On this day, 73 years ago: The end of the Weiße Rose ("White Rose") resistance group in Munich

The end of the Weiße Rose ("White Rose") - in memoriam Sophie (1921-1943) and Hans ‪Scholl (1918-1943), Kurt ‪‎Huber (1893-1943), Alexander Schmorell (1917-1943), Willi Graf (1918-1943) and Christoph Probst‬ (1919-1943): on this day, 73 years ago, Sophie and Hans Scholl and Christoph Probst were executed in ‪‎Munich‬

Top left to bottom right: Kurt Huber, Alexander Schmorell, Willi Graf, Hans Scholl, Sophie Scholl

The Scholl siblings, who grew up in the towns of ‪‎Ludwigsburg‬ and later Ulm‬, both in Württemberg‬, Southwestern‪ Germany‬, in the 1920s, started studying in Munich in the early 1940s. As a result of their increasing renunciation of the ‪‎Nazi‬ regime and the war it had started, they founded a resistance group under the name of "Weiße Rose" (White Rose) and secretly wrote critical leaflets. The first one was printed in the summer of 1942. Their leaflets were distributed not only in Munich, but also Cologne‬Stuttgart‬ and ‪‎Vienna‬, with a circulation of 6000 to 9000.

Memorial for the Weiße Rose at Munich University, where the Scholl siblings
and Willi Graf had studied and where they were arrested on February 18, 1943 
Sophie and Hans distributed the sixth edition of their anti-Nazi leaflets, harshly criticizing the death of almost half a million soldiers and civilians at the battle and humanitarian disaster of Stalingrad‬ in late 1942 and early 1943, at the university of Munich on the morning of February 18th, 1943, when they were caught and apprehended by the janitor and mechanic of the university, ‪NSDAP‬ and ‪‎SA‬ member Jakob Schmid, and brought to the dean of the university.


These dates in 1934: The February fighters - defeated in anti-fascist struggle in Austria

On this weekend, the weekend of February 12th, we honour those who, eighty-two years ago, were the first to bravely and openly resist a fascist government in ‪‎Europe‬ militarily - the workers of Austria‬February 12th to 15th 1934 marked the end of the First Republic and of "Red‪ Vienna‬" and the establishment of open fascism‬ in Austria.

The Karl-Marx-Hof in Vienna (Döbling district), one of the workers'
public housing estates, where the anti-fascist fighting took place in February 1934.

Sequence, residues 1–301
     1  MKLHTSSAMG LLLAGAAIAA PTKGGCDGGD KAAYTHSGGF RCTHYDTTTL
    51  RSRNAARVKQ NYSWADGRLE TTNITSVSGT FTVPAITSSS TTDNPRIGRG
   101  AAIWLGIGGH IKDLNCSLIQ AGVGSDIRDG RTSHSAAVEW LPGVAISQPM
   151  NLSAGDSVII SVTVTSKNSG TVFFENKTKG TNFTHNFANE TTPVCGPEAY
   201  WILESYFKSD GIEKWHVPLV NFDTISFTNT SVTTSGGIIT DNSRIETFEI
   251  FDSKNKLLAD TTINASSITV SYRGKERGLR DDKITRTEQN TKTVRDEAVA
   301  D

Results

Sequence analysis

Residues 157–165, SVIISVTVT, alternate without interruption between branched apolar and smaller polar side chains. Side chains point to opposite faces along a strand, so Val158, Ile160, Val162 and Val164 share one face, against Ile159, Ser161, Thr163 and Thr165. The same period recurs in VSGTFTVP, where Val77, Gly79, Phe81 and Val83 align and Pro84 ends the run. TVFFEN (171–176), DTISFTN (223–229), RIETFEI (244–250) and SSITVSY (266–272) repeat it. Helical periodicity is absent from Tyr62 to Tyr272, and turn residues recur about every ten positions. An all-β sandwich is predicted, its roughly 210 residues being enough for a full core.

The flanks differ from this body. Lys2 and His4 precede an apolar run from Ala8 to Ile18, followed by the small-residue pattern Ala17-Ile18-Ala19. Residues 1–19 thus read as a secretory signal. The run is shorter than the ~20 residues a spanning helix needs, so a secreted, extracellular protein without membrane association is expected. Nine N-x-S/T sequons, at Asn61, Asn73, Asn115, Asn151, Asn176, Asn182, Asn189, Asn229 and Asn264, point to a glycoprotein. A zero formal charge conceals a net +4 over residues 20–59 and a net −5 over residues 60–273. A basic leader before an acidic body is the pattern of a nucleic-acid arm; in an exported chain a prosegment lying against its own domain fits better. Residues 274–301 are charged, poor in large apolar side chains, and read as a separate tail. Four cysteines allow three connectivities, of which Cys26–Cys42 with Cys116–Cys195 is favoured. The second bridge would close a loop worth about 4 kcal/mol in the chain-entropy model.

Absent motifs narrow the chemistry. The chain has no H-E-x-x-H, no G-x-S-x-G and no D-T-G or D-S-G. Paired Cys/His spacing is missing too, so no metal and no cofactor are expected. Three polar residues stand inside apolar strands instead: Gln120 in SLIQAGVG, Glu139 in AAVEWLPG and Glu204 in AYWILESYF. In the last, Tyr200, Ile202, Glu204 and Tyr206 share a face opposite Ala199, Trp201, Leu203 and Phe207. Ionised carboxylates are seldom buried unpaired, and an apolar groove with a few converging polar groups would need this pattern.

Source: user: bwag, 
© Bwag/Commons (Wikimedia Commons)

In Austria, the First Republic, which had been founded after the end of the
‪ Habsburg‬ Monarchy in 1919, was increasingly dismantled by the ruling Christian Social Party (which was backed by the Italian fascists), from early 1933. On March 4th of that year, Austrian Chancellor Engelbert‪ Dollfuß‬ of the CSP dissolved the parliament, officially due to "insurmountable differences" between the parliamentary parties in debates over how to react to a strike of the train workers. An attempt to convene again on March 15 was then forcefully shut down by the police. From then on, Dollfuß governed de facto dictatorially and without checks, by constitutional "emergency laws". Fascist paramilitary forces, most prominently the "Heimwehr", Home Guard, increasingly took to the streets to fight against the striking workers and the defenders of the Republic, whose defence forces, the forces of the Socialist Worker's Party of Austria, were the "Republikanischer Schutzbund", Republican Protection League. Although they were not officially the state executive, the actions of the fascist Heimwehr were approved and backed by the Dollfuß government, which used them to crush any strikes and other republican, i.e. Socialist or Social Democratic resistance. During 1933, major Socialist figures and leaders were arrested and the state of the working class in Austria became disastrous in early 1934.
Fighting also took place at the Schlingerhof
in Vienna (Floridsdorf district), where a large cache of weapons was based.

Source: user:Extrawurst, Wikimedia Commons

On February 11th of that year, the Interior Ministry announced that a nationwide raid, officially to search for weapons hidden in the homes of Socialist leaders and workers, would take place the next day. Upon hearing that, the Schutzbund commander of Linz, Upper Austria, Richard Bernaschek, decided to take up arms against the police and Heimwehr forces. This was the outbreak of fierce fighting. Artillery, and in one case even the air force, was used to crush the workers, who rose up in their homes, the famous large blocks called "Gemeindebauten", public workers' housing complexes (pictured are the famous Karl-Marx-Hof and the Schlingerhof) on the outskirts of Vienna (which had been built by the Socialist city councils of Vienna between 1918 and the early 1930s ("Red Vienna")), and in some smaller towns, most of them in the industrialized regions of Upper Austria and Styria.